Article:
Jewish World Review May 1, 2001 / 8 Iyar, 5761
http://www.jewishworldreview.com -- Tired of bowling alone? Try tournament cribbage.
"Bowling alone" is the catchy phrase chosen by Harvard political scientist Robert Putnam for the title first of an article and then of a book, published last year, about the precipitous decline of social and civic engagement in America - for example, plenty of people still go bowling but far fewer do it in regular leagues with a group of people whom they come to know well.
People are less likely to participate not only in bowling and other team sports, but in varied social activities such as having friends over, visiting family and going to club meetings or church social activities. At the same time, they have become less likely to be active politically; voting rates are lower, fewer people follow the news, and attendance at rallies or public meetings is down.
Political scientists call this rich network of associations and skills "social capital."
It's the people you know, who look after your cat when you're away, or give you a ride to the hospital or tip you off about a job opening. It's your experience as a school volunteer or a neighborhood association committee member or a signature-gatherer for a grass-roots initiative.
Life runs more smoothly in places with lots of social capital; there's enough variation among the states to show a positive correlation with children's welfare, better schools, lower crime and improved health. Of course, causality runs both ways; if crime is so bad people are afraid to leave their homes after dark, their opportunities for civic participation are limited. But it's also true, Putnam says, that community ties are individually beneficial.
"If you smoke and belong to no groups," he says, "it's a toss-up statistically whether you should stop smoking or start joining."
So it's not good news for American society that social capital is declining most sharply among younger people. That means not merely that people who are young now are less involved than older-age groups are now, though that's true; it means that people of a given age now are less involved than people of that same age were 30 years ago. That shift implies a continuing decline as older-population cohorts die.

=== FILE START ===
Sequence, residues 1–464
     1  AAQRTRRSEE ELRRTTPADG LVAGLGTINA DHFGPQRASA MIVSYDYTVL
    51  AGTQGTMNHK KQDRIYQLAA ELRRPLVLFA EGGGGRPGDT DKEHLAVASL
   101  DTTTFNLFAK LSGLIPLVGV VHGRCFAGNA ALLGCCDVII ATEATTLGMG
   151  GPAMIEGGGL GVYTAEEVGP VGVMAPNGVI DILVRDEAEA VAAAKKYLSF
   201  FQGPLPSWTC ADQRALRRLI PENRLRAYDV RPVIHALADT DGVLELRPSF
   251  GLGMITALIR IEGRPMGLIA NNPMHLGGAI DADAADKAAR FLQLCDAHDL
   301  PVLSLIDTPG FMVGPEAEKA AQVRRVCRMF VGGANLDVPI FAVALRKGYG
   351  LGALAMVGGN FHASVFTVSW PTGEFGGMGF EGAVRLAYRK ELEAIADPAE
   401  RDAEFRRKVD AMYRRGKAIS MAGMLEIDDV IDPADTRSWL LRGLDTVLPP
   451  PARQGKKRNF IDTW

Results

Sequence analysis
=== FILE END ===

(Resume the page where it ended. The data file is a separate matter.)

I'd just recently finished Putnam's book when a friend told me she would be playing that weekend in a regional cribbage tournament. Aha, I thought. This is what Putnam is talking about.
Card-playing is one of the social activities Putnam found to be declining.
Cribbage is a two-handed card game - the best, say avid players - and an old one, invented, so says the American Cribbage Congress (http://www.cribbage.org on the Web; 1-888-PEGGING), around 1635. But the Congress itself was started in 1979, and sponsors 150 local groups as well as regional and national tournaments.
At first, people go to play cards. But as with other interests, they continue to go because of the friendships they make. Maybe they share a hobby like cribbage or antique cars. Or they go to professional conventions, say for journalists or mathematicians. Either way it's Old Home Week.
And if you belong to an organization that has chapters everywhere, and you move, you have a head start on finding friends in a strange place. That's what I did -with the Packard Car Club, Mensa and the Society of Professional Journalists - when I moved to Los Angeles a decade ago, knowing no one.
"Membership organizations" that are supported by their members' dues but never meet, whose activities are carried out by paid staff, are a poor substitute.
If cribbage clubs demonstrate the advantages of this kind of social capital, they also illustrate why Putnam writes about decline. Most of the players learned as children, and some are teaching their own kids, but few young people play.
Will the Internet restore social connections? At most it would help, but it can't replace face-to-face, pitch-in-and-help connections.
Americans took to "cocooning" in the '70s, Putnam says. But a
cocoon is a very confining place to spend your